Monday, 26 November 2012

Error Free Horse Training

You likely have a list of a few things you’d like to delete from your horse’s repertoire. From rooting the reins out of your hands to biting at the lead shank to slipping a trot step into a flying change.

“In almost all training, situations, the most effective way to “delete” behaviours is to prevent them from being expressed.” Dr Andrew Mclean, internationally respected equine researcher, author.

We’re always training – there’s no neutral. I encourage my students to be mindful of each moment they spend riding, catching those little resistances and using them as a training opportunity, rather than letting them slide by under the radar. Try to interrupt the behaviour as it starts, each time, until it’s finally erased. If not, it will undoubtedly show up later under a pressure situation like a horse show.

Monday, 5 November 2012

Equestrian “luck”

Horse psychology insights: for a winning edge in the show ring and in life!

"The meeting of preparation with opportunity generates the offspring we call luck."
— Anthony Robbins

As a rider, how do you prepare for your success? There are few sports with more variables than riding. We have a 1000 lb., partner that doesn’t speak or think human. We have judges with preferences. Weather conditions vary. Competition environments vary. And even the patterns, courses and test required vary.

In the words of Regina Brett “Over – prepare” then go with the flow.

Here’s some tips I find helpful…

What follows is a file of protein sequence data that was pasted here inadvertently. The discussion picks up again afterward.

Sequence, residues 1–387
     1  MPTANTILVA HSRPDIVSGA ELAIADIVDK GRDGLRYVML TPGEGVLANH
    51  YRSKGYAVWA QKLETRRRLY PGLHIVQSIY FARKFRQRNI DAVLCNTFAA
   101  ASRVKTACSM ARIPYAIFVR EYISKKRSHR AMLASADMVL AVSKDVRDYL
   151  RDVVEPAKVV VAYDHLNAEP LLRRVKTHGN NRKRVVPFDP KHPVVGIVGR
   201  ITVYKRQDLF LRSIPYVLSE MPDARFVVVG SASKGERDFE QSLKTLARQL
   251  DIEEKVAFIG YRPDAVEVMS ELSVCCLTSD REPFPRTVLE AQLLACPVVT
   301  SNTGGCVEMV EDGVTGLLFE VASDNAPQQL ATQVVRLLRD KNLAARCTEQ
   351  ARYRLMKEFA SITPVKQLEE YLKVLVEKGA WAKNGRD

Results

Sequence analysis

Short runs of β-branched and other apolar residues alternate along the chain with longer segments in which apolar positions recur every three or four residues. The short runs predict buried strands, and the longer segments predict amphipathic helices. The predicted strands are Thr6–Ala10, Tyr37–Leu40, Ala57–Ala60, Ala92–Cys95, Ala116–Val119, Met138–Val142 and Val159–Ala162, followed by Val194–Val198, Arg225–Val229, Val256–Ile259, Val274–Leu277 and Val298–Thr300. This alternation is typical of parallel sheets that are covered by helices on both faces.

1. Read more. Insights from horsemen of varied disciplines. Reputable web sites reporting the latest research in equine health and training. The more I study the facts, the more loosely I hold to the very traditions that might be holding me back.

2. Practice the tough stuff. I gravitate toward doing things that come easily and avoid the things I’m not particularly good at. Trotting around an oval in an indoor arena will not yield the same dividends as asking my horse the tougher questions - specific lines, tighter turns. Transitions and lateral movements at specific points. Thinking about, testing, trying and reviewing the concepts I’ve read about.

3. Analyse, watch, feel and study my horse. Reflect on the details of my riding. We’re always training, never neutral.

4. Studying those I respect and doing my best emulate the qualities I admire.

5. Saying no to many good things in favour of the best things. T.V, Facebook, aimless socializing, shopping, magazines – too much mental candy makes for mediocrity.

6. Take a break. Pushing ourselves causes stress. Adrenaline levels rise to the challenge. A regular amount stretches and challenges us - good for us as long as it’s balanced by rest. Living in a constant state of alarm increases cortisol levels. The result? Equestrian burnout.